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47

A Lone Farmer At The End Of The World, Day Two

Front Loader And A Pallet Fork

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Last time: One man. One farm. NO HOPE.

This time: A demon payphone. An immortal lawn. Tractors that love too much.

“DO YOU WANT TO LIVE (OFF THE LAND) OR NOT?” the payphone bellowed.

“I just… I can’t… oh god. I think I’m gonna be sick!” I retched in reply, barely choking back a throat full of bile.

“CUT IT. SLICE IT OPEN. EMBRACE YOUR WARRIOR SPIRIT. PRESS THE Q KEY TO ATTACH THE CULTIVATOR TO YOUR TRACTOR.”

“But I can’t just take the life of an innocent plant for no reason. This is madness!”

“IT’S EITHER YOU OR THE WHEAT FIELD. CHOOSE.”

I slumped to my knees.

“How did it even come to this? How?

I remembered.

It all began back on my farm. And it wouldn’t stop beginning there. No matter what I did or how I tried to quit, I’d start back in the same spot on my sidewalk. So I figured I had no choice. It was time to get down to business. It was time to buy a pallet fork.

A pithy $800 later, I had everything I needed. To find out I didn’t have everything I needed. This bizarre agricultural purgatory – in spite of ostensibly being constructed solely for my enrichment/entrapment – was a minefield of assumed knowledge. Also, the pallet fork was stuck in the ground. Like some kind of modern bale-hefting Excalibur, it wouldn’t budge no matter how many times I ran over it with a tractor.

So in order to use my pallet fork, I apparently needed a front loader. And in order to get the vehicle store – which was apparently owned and operated by a charming couple of cardboard cutout tractors – to fork it over, I needed $26,000. That kind of money, unfortunately, doesn’t just grow on trees. Or maybe it does? Farming, at that point, wasn’t my strong suit. I was lost.

Then, a seductive rasp called out to me. That’s how I met the payphone. In its sultry monotone, it told me how to mold the land in my own image – how to bend even the hardiest of crops to my will. I would become a master of my domain, it whispered in gentle, comforting tones. Oh yes. I’d just have to get my hands dirty.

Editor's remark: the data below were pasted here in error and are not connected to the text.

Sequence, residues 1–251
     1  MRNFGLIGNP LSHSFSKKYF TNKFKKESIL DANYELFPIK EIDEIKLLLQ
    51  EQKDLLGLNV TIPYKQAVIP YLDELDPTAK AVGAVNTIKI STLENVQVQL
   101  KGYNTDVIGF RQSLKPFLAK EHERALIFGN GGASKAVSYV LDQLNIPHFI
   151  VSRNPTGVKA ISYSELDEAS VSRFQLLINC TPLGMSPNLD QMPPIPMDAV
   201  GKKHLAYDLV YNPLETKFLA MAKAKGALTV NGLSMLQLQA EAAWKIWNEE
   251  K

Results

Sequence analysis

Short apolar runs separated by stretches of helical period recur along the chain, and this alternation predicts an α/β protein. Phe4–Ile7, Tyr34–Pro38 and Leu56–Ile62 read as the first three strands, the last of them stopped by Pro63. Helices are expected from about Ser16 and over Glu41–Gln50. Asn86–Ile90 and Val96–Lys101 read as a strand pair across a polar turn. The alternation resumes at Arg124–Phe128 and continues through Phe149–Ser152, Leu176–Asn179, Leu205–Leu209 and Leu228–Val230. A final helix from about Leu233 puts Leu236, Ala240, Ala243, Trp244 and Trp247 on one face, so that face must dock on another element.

I would have to make life. And then take it.

With the grim deed done, the payphone’s banshee-like shrieking quieted to a dull dial tone of absentee approval. I felt sick, but that was only the beginning of my troubles on this day. Man, after all, cannot live on bread alone. And neither, apparently, can intangible ghostly apparitions of men/women, so my wheat crop left my piggy bank decidedly unprepared for its eventual sacrifice to the deities of loading in a forward fashion. But what else could I do? With my trailer freshly emptied, I drove back toward my farm lost in thought.

That’s when three things struck: 1) opportunity, 2) misfortune, and 3) a car.

As I accepted a golf course lawn-mowing job from my PDA, one of the mindless machines careened head-on into my tractor. Somehow, this happened.

NO, DAMN IT. DOWN. BAD TRACTOR.

Unfortunately, my tractor – fresh out of previous love affairs with rocks, trees, walls, and spaces it seemingly should’ve been able to maneuver away from without any trouble – stuck to the overturned automobile like glue. With its gargantuan tires incapable of gaining any sort of traction from atop its automotive affection perch, I was forced to make a tough call: I had to abandon it. Time was ticking down on my lawn-mowing assignment. I knew it was wrong to cast tractor aside like some kind of tool, but what other choice did I have? Never again, I swore as I hoofed it back to my farm. Never again.

NO, DAMN IT. DOWN. BAD DIFFERENT TRACTOR.

With time dwindling ever more, I did the most humane thing I could think of: ramming both tractors into a wall until one of them came loose. Then I hitched up a cultivator and drove – heedless of rocks, trees, and mountains – to the golf course as quickly as possible. Miraculously, I made it.

It was a sloppy job, but I conquered that lawn nonetheless. I stood atop its smoking, immaculately smooth remains, and you know what? I felt good. Maybe that payphone was onto something. I’d accomplished a mighty deed of manly ingenuity. That moment felt important. Definitive. Final.

Before I even made it back to my farm, my PDA buzzed again. Turns out, the exact same golf course lawn needed mowing. Again. It had grown back completely in under five minutes. But hey, that meant more cash for my front loader fund, and I wasn’t about to question a horrifying, unnatural reality in which everything went out of its way to give me money.

So, of course, 15 minutes later, it happened a third time. Now, by this point, I had the mowing of that particular lawn down to a science. I knew its every arch, dimple, and curve better than I’ve ever known any theme park water slide. Or woman. And so, with plenty of time left on the clock, I’d done it. I’d made enough money to buy a front loader.

The vehicle shop spat out a shiny new front loader in short order, and then came the moment of truth. Fortunately, the pallet fork emerged from its concrete sheath without a hitch, and I was ready to charge ever forward into a new day.

And then my PDA asked me if I wanted to mow that same lawn again.

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Nathan Grayson

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